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Farmers get creative to replace cash crops lost to lousy weather

By Ashton Nichols • Jul 31, 2019 at 3:00 PM

Marshall Branstool has 15 acres of peach trees planted on his farm. Their yield this season: one peach.

"I picked it last week," Branstool said. "I'm surprised it made it."

June brought 7.04 inches of rain to central Ohio, frustrating farmers who were in the midst of planting corn, soybeans and other crops. So far in July, heat has replaced rain as the problem. To date, the average daily high in July has been 88.2 degrees. In June, it was 80.4. That has dried out the flooded fields.

The problems for Branstool, who owns Branstool Orchards in Utica, go back to January, when the cold killed his peach trees, his No. 1 crop.

"It was minus-8 degrees on January 20th. Two weeks before, it was 58 degrees," Branstool said. "The change in temperature took them out."

Then the June rains drowned his sweet corn and pumpkins, and most of the peach trees had to be removed.

That's a run of bad luck, but Branstool isn't giving in. Instead, he and girlfriend Cindy Zaino decided to plant 5 acres of sunflowers in 10 varieties.

Sunflowers are a good crop to help rejuvenate the soil, Branstool said. Plus, they're pretty and they help attract bees and guide them toward the apple trees. It takes about 65 days from planting for them to be in full bloom.

Branstool will share the beauty with a Sunflower Festival Aug. 3-11 at the farm. Visitors can take a hayride, take pictures in the fields and cut their own flower to take home. There also will be yoga, craft vendors and painting. Tickets can be purchased at the orchard's website, branstoolorchards.com. Tickets are $7.50 online or $10 at the gate Monday through Thursday, and $10 online and $15 at the gate Friday through Sunday. Extra flowers are also available for purchase.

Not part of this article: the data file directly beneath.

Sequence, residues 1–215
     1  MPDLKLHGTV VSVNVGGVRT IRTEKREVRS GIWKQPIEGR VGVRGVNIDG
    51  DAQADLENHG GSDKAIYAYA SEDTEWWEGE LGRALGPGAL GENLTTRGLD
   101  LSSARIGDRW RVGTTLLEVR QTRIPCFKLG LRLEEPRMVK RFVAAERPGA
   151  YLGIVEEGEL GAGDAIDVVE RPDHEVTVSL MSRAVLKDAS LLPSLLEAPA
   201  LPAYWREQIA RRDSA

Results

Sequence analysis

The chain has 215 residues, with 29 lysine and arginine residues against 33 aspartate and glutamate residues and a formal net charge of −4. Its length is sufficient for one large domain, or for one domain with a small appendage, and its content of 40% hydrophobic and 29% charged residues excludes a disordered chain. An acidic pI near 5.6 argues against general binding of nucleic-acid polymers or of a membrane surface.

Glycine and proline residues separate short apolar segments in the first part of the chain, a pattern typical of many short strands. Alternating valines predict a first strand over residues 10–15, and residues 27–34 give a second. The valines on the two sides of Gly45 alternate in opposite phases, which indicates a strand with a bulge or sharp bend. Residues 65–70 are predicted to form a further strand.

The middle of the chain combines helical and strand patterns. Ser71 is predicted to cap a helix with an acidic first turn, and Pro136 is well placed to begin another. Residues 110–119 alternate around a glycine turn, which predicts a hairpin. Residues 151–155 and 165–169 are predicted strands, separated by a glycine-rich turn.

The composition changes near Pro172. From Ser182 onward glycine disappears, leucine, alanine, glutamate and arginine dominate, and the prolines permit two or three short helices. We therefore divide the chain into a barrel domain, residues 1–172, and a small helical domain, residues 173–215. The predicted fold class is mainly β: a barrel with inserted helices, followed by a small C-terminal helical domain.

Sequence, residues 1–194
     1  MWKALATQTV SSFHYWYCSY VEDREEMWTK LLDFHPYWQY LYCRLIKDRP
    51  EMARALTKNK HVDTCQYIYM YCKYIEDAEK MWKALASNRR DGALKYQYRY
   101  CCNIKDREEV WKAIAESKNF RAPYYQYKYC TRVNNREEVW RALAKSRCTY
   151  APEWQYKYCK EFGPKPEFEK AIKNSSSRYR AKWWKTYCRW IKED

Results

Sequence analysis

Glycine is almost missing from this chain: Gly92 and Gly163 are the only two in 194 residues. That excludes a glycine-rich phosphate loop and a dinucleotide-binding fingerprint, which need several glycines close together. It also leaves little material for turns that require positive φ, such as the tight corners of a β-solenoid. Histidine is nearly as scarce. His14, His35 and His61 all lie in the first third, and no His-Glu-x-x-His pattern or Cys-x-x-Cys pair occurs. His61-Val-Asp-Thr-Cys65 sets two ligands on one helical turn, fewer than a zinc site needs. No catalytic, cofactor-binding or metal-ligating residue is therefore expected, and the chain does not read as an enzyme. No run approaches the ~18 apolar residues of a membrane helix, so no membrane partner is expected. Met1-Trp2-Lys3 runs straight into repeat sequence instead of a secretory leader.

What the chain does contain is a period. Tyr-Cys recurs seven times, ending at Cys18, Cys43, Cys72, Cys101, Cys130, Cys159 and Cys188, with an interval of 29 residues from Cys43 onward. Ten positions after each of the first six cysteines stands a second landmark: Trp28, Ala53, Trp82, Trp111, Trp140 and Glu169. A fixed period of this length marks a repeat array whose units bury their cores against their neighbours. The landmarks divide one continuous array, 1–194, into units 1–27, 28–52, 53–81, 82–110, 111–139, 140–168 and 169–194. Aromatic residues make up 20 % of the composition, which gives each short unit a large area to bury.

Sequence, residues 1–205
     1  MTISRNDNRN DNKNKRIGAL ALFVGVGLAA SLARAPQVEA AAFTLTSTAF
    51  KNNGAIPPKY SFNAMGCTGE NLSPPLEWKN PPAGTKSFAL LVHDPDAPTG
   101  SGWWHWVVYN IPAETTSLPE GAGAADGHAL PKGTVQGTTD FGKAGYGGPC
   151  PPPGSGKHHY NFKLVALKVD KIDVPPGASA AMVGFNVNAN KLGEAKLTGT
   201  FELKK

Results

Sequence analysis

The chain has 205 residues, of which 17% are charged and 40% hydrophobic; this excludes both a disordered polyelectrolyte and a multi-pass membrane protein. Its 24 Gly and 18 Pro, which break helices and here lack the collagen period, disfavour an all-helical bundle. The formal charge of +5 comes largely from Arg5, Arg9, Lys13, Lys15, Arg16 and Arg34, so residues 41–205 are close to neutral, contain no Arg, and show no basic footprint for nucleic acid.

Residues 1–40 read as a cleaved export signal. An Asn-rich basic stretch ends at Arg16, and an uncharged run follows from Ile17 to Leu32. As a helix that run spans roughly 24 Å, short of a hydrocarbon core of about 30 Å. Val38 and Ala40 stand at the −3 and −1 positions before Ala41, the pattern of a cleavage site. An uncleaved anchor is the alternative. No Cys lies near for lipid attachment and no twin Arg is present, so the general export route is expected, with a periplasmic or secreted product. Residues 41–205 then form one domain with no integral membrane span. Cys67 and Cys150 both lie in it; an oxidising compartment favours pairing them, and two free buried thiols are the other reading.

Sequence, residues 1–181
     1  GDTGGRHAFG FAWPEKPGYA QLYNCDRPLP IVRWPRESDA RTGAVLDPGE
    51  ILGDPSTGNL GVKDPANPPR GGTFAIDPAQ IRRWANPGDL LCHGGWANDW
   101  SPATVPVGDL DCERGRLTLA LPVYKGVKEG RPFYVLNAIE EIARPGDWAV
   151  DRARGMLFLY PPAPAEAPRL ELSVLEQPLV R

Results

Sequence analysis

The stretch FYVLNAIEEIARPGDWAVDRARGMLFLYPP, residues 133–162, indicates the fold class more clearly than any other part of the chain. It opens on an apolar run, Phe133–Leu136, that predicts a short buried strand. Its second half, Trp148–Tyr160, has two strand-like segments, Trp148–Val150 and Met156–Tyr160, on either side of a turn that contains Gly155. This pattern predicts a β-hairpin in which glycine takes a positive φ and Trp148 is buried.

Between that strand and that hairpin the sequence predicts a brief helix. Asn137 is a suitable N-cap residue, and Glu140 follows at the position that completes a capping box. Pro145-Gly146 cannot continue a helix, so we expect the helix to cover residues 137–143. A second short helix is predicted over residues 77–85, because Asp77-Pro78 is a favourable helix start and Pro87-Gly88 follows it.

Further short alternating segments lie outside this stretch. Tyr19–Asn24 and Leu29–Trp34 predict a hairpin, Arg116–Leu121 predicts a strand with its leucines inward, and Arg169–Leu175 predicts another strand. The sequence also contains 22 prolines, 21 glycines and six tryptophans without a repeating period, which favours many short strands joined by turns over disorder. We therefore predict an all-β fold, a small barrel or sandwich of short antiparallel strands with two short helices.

"Most people don't spend time on a farm," Zaino said. "We're hearing it's a different type of clientele than the people who pick apples. We're hoping to allow them to pick a sunflower and then come back (in the fall) to pick apples."

The change of course won't replace the loss of his peach crop, but it will soften the blow, Branstool said.

"Despite losing the peaches, we're still optimistic," Branstool said. "The sunflowers are another way to diversify."

This past spring, Branstool planted 1,000 peach trees. Once the Sunflower Festival is done, he'll mow in the sunflower plants and replace them with more peach trees. In 2021, Branstool plans to plant 4,000 more peach trees. It takes about four years for a tree to yield peaches.

Although he's had back luck with peaches and pumpkins this season, Branstool said his 12 acres of apple orchards are thriving. They'll be ready to harvest in about three weeks.

Lynd Fruit Farms in Pataskala also is having a great apple crop, co-owner Andy Lynd said.

"The apple crop looks fantastic; the pumpkin crop is OK," Lynd said. "It's been a challenge, and we will do the best we can."

Fall festivities including pumpkins and corn mazes will be a challenge, Lynd said, but the corn maze at his farm is expected to be tall enough for some fall fun come September.

He planted his 20 acres of pumpkins twice, but still had troubles. He expects to have about one weekend worth of pumpkins for a pumpkin patch, maybe two. Usually, he has two to three.

"This has been an unusual year," Lynd said. "Last year was wet also, but the difficulty in planting (this season) has been a challenge like I don't ever remember."

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©2019 The Columbus Dispatch (Columbus, Ohio)

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